Monitoring Nesting Seabirds using Computer Vision

Lead Research Organisation: University of Lincoln
Department Name: Lincoln School of Humanities


Seabird populations are a valuable and accessible indicator of marine health: population changes have been linked with fish stock levels, climate change, and pollution. However, the most recent reports indicate that many UK seabird colonies are in decline, and suffering from low breeding rates. The mechanisms causing these declines are not well understood, though it has been suggested that low breeding returns in a population of Common Guillemots may be related to increases in attacks on chicks while parents spend more time foraging for food. Identification and interpretation of these types of behavioural artefacts are a key factor in understanding the development of the ecosystems in which these populations live, and securing the future health and sustainability of coastal marine environments. This project will pilot the development of computer vision techniques which support automated surveillance of nesting seabirds, and collect behavioural data on a scale not currently available to ecology researchers.The Computational Ecology and Environmental Science group (CEES) at Microsoft Research, Cambridge, UK are currently working with ornithologists from the Evolutionary Biology and Behavioural Ecology group at Sheffield University on a programme to monitor a population of Common Guillemots on Skomer Island (west Wales). Currently, manual inspection is used to estimate the size of the population. However, this process is highly laborious, and it is not feasible to gather more detailed data about individual birds. This places severe limitations on further analysis of this population. This project will be conducted in collaboration with CEES, and will develop computer vision algorithms which analyse video data of a Guillemot cliff nesting area on Skomer and automatically determine the amount of time that parent birds are spending at their nests. It is not feasible to extract this data using manual methods, so this new data will allow CEES to make investigations into the relationship between chick survival and nest attendance. There is little existing work which uses computer vision to monitor wildlife, and so this project will engage with the specific technical problems of automated visual surveillance and image processing in natural environments. Whilst the project is focussed primarily on the Skomer Guillemots, the proposed techniques could be readily deployed for monitoring other seabird species, and also used to support other applications of computer vision.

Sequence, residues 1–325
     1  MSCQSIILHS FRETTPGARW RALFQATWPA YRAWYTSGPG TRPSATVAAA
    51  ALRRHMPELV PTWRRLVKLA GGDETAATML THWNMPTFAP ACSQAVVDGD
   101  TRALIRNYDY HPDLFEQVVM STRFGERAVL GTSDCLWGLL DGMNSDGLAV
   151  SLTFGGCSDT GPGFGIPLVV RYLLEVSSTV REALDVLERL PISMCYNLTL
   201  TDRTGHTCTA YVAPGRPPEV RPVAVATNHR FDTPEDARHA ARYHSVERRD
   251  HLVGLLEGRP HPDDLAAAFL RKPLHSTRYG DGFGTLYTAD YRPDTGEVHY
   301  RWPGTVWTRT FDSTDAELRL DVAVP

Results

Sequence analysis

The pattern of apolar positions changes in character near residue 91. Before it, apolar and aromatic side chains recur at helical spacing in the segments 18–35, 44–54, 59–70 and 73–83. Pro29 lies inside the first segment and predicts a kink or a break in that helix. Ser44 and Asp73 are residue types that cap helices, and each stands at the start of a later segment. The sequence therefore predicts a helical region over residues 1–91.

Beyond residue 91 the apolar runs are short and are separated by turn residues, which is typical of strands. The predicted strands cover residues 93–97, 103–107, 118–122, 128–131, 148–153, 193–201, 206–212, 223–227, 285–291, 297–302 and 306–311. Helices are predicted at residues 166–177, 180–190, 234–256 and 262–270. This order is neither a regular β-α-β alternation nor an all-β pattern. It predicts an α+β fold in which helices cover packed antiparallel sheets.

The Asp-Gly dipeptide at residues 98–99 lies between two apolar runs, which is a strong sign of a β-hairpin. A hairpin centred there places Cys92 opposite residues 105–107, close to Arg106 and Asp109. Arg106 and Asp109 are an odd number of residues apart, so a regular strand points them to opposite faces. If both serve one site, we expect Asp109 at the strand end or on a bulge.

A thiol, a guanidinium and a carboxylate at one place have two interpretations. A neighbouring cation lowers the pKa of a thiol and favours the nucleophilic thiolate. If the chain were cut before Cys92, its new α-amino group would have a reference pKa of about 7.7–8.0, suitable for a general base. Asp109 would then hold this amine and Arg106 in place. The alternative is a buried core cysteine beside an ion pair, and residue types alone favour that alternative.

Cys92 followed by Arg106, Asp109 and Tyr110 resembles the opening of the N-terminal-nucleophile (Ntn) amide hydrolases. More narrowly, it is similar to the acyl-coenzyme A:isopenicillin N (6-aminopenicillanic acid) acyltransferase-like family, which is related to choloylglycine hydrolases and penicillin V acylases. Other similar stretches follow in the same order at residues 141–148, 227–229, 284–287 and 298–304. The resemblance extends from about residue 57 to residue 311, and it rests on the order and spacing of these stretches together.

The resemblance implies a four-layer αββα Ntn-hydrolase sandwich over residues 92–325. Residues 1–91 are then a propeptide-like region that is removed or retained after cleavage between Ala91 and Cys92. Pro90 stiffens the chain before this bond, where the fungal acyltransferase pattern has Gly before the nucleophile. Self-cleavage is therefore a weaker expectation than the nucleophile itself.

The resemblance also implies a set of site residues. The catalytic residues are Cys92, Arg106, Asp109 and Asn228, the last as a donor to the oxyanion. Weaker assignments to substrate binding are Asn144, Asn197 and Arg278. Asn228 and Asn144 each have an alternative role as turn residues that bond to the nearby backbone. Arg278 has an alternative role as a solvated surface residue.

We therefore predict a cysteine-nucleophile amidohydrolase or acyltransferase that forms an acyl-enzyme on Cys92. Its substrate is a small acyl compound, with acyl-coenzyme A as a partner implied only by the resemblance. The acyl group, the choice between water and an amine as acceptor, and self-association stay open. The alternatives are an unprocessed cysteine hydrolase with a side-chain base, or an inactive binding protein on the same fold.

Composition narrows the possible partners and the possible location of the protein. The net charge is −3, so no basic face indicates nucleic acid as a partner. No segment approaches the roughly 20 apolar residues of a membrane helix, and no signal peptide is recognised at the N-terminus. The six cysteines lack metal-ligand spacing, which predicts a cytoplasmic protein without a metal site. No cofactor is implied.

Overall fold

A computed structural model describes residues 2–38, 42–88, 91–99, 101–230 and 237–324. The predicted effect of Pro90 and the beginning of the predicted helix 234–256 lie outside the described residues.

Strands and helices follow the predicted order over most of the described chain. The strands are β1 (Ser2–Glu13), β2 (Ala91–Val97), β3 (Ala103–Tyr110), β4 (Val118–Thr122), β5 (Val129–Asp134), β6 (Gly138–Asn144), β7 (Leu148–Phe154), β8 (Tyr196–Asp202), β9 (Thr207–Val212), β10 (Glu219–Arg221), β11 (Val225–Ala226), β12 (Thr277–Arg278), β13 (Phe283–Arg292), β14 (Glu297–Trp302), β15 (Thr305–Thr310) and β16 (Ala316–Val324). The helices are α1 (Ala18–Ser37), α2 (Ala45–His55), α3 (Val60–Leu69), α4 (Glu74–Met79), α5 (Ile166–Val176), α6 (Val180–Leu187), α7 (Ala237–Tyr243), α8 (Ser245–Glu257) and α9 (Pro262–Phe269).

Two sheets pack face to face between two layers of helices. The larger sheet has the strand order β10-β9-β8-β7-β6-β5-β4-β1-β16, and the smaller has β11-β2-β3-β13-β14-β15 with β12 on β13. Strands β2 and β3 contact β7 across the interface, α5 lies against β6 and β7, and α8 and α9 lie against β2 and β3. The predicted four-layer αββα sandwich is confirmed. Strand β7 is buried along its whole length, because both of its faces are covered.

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Description We have developed methods for identifying nesting seabirds usuing computer vision. Since the end of the award we have extended this work to automated identification of species in flight. This work is ongoing.
Exploitation Route We are still developing our work, but this could be applied to environmental monitoring in future.
Sectors Digital/Communication/Information Technologies (including Software),Environment

Description This project seeded work in the relatively unexplored area of the the use of computer vision for environmental monitoring (in this case, protected wildlife). The contributions at this point are primarily academic, and have lead to new work at the host institution (recognition of other bird species, and also non-bird species such at Great Crested Newts), and also contributed to some extent to general technical aspects of computer vision.
First Year Of Impact 2011
Sector Other
Impact Types Societal